History is important. Insurance history gives context and meaning to the thoughts and views of what should be and why things should be the way they were and are. Those historic views have been ever increasingly challenged in social media and very dynamic processes throughout the United States in the past few years. I want to know what people were thinking and what their intent was regarding insurance policy forms. Insurance history and policyholder advocacy is my life.
Continue Reading The History of the Business Interruption Policy In the United States

Throughout my years at Merlin Law Group, I have noticed a troubling pattern with insurance carriers: denying claims based on confusing and ambiguous policy language. Perhaps you are challenging a continuous seepage or leakage exclusion or a protective safeguard requirement on your collectibles. It is unlikely the policy defines “seepage” “leakage” or what qualifies as a protective safeguard. However, the Arizona courts and Legislature have brought some clarity to interpreting these unclear provisions.
Continue Reading Clearing Things Up: Interpreting Ambiguities in Arizona Policies

It is no secret that insurance adjusters will not hesitate to cite multiple policy provisions justifying a claim denial. I refer to this method as the “kitchen sink” approach, as it accurately describes the attempt to utilize every conceivable exclusion/condition remotely applicable in various insurance claims. It is quite common for an insured to receive a denial letter citing a laundry list of excluded causes of loss.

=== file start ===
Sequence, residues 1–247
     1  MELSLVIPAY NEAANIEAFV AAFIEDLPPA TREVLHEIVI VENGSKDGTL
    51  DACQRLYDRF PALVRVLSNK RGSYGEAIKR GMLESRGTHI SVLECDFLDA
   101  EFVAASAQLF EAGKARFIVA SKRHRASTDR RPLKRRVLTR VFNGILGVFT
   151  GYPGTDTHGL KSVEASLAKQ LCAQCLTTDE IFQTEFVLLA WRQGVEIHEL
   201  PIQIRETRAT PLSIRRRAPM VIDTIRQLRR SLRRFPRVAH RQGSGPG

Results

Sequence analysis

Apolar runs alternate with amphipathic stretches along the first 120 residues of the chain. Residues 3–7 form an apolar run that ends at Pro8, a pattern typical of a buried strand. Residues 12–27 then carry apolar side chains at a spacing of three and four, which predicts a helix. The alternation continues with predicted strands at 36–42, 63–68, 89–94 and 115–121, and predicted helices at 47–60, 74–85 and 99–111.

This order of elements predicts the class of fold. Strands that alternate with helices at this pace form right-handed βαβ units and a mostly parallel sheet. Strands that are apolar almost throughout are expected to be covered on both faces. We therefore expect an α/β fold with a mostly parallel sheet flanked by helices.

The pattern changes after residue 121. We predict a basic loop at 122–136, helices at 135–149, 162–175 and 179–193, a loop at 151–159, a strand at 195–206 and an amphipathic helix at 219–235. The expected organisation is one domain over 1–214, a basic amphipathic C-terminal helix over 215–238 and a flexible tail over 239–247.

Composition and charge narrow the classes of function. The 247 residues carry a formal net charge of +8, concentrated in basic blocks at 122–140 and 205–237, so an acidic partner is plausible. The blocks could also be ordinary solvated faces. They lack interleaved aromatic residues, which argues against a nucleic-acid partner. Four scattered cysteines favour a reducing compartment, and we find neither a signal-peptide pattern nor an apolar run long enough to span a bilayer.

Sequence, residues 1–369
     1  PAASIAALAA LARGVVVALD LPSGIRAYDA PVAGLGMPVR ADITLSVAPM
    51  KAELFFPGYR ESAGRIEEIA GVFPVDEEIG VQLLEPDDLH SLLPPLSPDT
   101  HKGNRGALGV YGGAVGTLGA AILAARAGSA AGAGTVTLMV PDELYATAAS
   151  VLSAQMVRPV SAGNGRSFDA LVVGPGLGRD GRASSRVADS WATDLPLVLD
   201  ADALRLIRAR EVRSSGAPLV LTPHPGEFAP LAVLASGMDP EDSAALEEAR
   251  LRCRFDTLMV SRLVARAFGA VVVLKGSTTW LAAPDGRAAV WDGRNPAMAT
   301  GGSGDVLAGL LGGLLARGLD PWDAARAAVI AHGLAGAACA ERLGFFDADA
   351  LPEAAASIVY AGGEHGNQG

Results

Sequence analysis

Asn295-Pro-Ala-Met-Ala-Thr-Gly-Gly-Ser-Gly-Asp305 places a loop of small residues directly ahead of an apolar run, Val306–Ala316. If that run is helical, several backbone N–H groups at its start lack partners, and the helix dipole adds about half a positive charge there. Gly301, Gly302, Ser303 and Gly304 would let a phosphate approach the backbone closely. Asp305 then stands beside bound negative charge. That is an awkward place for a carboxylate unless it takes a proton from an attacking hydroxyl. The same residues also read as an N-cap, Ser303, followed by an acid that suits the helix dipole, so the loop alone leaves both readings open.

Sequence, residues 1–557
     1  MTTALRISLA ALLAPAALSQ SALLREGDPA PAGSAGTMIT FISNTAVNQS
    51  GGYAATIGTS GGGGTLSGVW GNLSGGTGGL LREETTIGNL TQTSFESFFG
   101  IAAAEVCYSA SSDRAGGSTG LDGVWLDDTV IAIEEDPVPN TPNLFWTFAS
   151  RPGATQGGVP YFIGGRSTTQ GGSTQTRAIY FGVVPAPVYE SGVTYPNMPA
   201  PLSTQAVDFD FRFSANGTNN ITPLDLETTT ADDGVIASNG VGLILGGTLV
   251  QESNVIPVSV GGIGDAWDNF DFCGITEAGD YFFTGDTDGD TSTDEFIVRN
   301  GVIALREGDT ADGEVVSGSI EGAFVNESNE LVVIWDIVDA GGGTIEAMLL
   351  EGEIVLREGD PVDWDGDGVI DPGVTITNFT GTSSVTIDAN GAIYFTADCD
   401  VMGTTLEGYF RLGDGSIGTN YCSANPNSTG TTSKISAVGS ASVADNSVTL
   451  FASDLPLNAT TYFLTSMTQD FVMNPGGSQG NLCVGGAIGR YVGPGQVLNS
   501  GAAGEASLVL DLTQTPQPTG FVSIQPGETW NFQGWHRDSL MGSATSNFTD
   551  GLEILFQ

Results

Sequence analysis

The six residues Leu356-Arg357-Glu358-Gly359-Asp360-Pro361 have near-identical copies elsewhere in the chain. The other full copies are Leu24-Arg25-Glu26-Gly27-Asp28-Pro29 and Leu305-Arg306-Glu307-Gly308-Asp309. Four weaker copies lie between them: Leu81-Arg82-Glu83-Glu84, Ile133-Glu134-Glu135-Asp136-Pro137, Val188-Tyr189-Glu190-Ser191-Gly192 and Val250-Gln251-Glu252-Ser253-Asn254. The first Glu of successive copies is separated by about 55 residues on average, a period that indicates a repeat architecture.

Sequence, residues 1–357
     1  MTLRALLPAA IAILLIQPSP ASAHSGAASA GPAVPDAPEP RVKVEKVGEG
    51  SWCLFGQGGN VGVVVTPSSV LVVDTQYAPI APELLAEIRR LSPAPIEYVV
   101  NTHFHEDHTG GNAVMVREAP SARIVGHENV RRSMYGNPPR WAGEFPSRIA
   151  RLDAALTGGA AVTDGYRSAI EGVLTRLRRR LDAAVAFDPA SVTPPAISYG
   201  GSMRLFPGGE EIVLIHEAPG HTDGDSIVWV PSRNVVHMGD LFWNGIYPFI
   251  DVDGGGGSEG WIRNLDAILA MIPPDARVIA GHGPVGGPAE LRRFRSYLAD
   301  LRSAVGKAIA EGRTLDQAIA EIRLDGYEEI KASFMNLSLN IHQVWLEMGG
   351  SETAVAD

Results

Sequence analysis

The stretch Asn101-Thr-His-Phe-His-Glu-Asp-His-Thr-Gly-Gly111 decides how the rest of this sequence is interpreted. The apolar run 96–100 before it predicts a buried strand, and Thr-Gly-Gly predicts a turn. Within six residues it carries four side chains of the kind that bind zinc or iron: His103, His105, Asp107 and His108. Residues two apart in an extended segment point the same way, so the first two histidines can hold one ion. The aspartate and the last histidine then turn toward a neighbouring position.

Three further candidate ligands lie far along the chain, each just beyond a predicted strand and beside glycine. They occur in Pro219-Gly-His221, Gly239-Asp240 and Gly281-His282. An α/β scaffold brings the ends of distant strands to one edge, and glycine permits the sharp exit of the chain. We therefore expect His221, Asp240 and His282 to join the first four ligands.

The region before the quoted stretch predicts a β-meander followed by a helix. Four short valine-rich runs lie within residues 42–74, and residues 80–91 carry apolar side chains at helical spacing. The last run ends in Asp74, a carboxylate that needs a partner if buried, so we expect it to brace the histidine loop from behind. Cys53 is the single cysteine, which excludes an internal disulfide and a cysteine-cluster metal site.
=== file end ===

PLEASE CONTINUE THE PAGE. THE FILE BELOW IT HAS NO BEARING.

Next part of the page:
Continue Reading Denying Claims Based Off Conflicting Policy Provisions Violates Florida Law

Many people think the declarations page and subsequent coverage and exclusion sections make up the important part of an insurance policy. However, add-on forms known as “endorsements” or “riders” may be just as important as they have the ability to significantly change the policy, depending on their language. For example, an endorsement to an insurance contract can add, remove, or change the coverage in the policy. While these pages often come at the end of the contract, they should be read in conjunction with the declarations page and the entirety of the policy.
Continue Reading Reading the Fine Print of Add-On Forms in Policies – Catastrophe Area Notice Limitations and More

Insurance policies represent an interesting subset of contract law that relies on common law and specific statutes, namely those contained in Title 56 of the Tennessee Code Annotated. Lawsuits asking a question concerning the extent of insurance coverage under a specific policy is a question of law requiring the interpretation of contractual language.1 In fact, Tennessee courts have long agreed that “insurance policies are, at their core, contracts.”2
Continue Reading Tennessee Court Interpretation of Insurance Contracts

Abbott and Costello’s performance of the now classic “Who’s on first?” baseball sketch remains comedy gold.1 In addition to being outrageously hilarious, this comedy sketch highlights the significance of language and how specific words can be misconstrued. The ambiguity of words becomes more significant than baseball positions when applying the legal effect of those words, especially as applied to a property insurance policy, which may mean hundreds of thousands of dollars or even millions.
Continue Reading Who’s On First? Discerning Ambiguity in Insurance Policy Language